A Guide To Horse Bits Types And Styles
Bits are the essential part of accessories and horse’s equipment with extremely important function in horse’s cooperation and control during the ride. When facing the need to purchase them for the first time, you might get overwhelmed and confused, since the market offers wide range of different types and styles and not all horses accept every type of bits. Also, not all bits suit every need. Here’s a list of the most common ones you should consider before opting for the right one for you and your horse.
This is the most common and well-known type of bits with rather simple design and manner of functioning. Snaffle bits is basically every model of bits without shanks and the construction includes mouthpiece and ring. It attaches directly to reins, which means that the pressure applied onto reins transfers directly onto bits and horse’s mouth in equal portions. The model is easy to place and maintain, price is affordable, but the jockey has to watch not to exceed in applied pressure to avoid hurting the horse. D-ring snaffle, Eggbutt snaffles and Full check bits are just some modified models of regular, simple snaffle bits.
Crucial difference between snaffle bits and curb bits is the way pressure transfers. With curb bits that include shank of a different length, the pressure transfers indirectly, which means that jockey has to apply lower pressure onto reins to achieve equal pressure as with snaffle bits. The length of shank determines the rigidness and severity of the bits, directly proportional. Also, the shape of the shank determines the promptness of pressure transfer. If you purchase the bits with straighter shank, the horse will get higher level of shock when you apply the pressure onto reins. There are numerous designs and styles of curb bits available.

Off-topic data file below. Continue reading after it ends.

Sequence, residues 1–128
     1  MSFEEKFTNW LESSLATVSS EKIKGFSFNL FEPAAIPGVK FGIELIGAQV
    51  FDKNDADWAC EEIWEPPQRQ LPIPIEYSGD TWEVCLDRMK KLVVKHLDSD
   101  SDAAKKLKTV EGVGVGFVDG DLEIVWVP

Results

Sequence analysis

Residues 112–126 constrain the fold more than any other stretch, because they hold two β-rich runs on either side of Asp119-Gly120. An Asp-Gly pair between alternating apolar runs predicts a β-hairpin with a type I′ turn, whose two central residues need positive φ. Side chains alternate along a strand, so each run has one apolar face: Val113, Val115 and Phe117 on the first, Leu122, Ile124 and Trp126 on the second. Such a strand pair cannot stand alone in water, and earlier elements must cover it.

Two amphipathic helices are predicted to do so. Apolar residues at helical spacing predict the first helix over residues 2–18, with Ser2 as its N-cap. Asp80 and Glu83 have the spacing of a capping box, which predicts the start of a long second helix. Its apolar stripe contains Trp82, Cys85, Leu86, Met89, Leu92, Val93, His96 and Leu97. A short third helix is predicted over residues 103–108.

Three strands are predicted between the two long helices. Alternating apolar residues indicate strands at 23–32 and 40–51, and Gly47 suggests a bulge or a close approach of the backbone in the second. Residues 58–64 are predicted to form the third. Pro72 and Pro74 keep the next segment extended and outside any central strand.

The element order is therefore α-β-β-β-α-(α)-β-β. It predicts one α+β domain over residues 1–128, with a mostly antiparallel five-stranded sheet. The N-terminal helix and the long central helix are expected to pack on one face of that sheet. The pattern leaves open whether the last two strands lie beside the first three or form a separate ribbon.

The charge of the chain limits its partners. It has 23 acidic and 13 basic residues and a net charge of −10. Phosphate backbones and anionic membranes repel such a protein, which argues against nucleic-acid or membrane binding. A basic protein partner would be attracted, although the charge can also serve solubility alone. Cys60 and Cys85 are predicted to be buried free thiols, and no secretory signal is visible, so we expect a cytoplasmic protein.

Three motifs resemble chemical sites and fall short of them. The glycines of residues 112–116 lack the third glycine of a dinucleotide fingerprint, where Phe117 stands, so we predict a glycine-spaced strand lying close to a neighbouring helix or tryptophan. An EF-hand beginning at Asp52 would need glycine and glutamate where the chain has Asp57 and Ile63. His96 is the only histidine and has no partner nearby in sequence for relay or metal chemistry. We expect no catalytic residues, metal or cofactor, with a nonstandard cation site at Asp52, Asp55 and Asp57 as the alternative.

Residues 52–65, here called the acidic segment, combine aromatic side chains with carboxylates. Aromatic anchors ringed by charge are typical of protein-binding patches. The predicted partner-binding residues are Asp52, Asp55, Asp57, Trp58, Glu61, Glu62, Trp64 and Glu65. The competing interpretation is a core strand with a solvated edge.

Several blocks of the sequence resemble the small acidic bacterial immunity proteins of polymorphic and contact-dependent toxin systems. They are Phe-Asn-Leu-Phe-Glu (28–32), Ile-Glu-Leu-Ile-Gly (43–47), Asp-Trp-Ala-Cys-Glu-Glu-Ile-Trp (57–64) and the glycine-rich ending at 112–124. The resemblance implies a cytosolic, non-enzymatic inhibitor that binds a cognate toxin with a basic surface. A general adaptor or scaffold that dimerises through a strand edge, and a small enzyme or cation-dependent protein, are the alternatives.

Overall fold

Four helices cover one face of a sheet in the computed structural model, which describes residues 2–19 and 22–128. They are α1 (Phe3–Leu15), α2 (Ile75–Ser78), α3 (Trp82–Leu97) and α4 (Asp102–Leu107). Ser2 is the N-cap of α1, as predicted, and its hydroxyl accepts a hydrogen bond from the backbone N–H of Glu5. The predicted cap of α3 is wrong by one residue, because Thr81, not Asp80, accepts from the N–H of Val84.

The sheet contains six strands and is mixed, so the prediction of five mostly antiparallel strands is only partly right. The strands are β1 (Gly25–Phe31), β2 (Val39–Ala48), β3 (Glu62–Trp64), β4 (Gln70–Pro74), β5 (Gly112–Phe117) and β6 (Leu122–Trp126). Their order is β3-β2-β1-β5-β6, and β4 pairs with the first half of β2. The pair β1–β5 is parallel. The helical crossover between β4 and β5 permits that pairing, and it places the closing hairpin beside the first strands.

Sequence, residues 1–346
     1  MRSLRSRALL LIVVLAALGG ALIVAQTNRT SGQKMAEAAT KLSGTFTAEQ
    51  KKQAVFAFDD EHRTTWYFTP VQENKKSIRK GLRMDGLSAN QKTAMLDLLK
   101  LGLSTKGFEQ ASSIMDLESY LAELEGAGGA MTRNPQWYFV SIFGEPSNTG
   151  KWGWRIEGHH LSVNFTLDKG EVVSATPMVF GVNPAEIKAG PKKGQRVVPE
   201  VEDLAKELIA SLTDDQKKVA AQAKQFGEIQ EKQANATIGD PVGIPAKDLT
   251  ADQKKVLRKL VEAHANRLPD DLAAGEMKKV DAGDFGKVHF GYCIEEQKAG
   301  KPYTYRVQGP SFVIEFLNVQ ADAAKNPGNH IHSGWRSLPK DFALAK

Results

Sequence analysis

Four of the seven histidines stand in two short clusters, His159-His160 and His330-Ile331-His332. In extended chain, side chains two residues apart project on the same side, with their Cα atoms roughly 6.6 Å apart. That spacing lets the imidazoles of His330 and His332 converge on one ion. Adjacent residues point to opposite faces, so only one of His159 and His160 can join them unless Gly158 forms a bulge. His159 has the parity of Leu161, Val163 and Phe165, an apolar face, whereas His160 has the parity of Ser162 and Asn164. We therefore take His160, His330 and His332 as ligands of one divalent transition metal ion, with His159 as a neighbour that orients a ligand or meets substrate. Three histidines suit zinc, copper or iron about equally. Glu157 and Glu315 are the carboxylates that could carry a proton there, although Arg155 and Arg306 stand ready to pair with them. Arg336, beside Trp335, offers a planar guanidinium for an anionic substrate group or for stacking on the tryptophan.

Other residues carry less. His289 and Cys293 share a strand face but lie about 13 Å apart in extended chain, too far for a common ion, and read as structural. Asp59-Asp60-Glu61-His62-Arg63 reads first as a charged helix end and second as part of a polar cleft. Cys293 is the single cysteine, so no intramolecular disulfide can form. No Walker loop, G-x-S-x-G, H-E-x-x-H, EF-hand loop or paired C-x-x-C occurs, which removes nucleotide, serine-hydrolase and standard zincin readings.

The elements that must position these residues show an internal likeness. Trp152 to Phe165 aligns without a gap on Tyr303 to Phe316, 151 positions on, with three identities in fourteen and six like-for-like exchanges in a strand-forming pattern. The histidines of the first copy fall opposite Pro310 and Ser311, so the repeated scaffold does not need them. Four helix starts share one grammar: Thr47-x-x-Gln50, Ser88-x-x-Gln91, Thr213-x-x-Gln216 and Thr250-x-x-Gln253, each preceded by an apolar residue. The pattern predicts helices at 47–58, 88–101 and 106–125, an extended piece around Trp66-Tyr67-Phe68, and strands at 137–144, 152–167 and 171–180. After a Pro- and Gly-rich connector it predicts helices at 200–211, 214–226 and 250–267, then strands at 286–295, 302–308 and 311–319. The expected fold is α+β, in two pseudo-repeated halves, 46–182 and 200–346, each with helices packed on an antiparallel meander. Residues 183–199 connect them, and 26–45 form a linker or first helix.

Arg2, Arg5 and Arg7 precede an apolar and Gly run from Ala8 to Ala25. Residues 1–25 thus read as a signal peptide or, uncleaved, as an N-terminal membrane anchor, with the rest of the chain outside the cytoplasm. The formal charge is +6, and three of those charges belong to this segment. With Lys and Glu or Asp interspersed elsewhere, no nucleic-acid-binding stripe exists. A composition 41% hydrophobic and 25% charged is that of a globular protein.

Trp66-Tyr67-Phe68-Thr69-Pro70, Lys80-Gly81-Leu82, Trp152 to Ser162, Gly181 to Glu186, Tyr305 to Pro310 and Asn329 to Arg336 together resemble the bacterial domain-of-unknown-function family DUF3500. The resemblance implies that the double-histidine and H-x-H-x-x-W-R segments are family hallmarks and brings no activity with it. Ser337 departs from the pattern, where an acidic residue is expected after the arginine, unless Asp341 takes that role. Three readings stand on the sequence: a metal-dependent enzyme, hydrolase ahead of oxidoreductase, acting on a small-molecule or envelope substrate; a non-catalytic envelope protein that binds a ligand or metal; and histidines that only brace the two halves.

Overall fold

This is slightly more complex model of bits which combines two previously described models, snaffle and curb bits. It is designed for advanced and more delicate control of the horse, but its construction may harm the horse more easily if not used properly. Bradoon, special snaffle bit used in this model of bit, applies pressure directly onto bars and mouth, while curb bit pressures chin, tongue and palate. Jockey uses four reins for this model and develops skills to use snaffle part or curb part at the time depending on the type of direction he wants to give to the horse.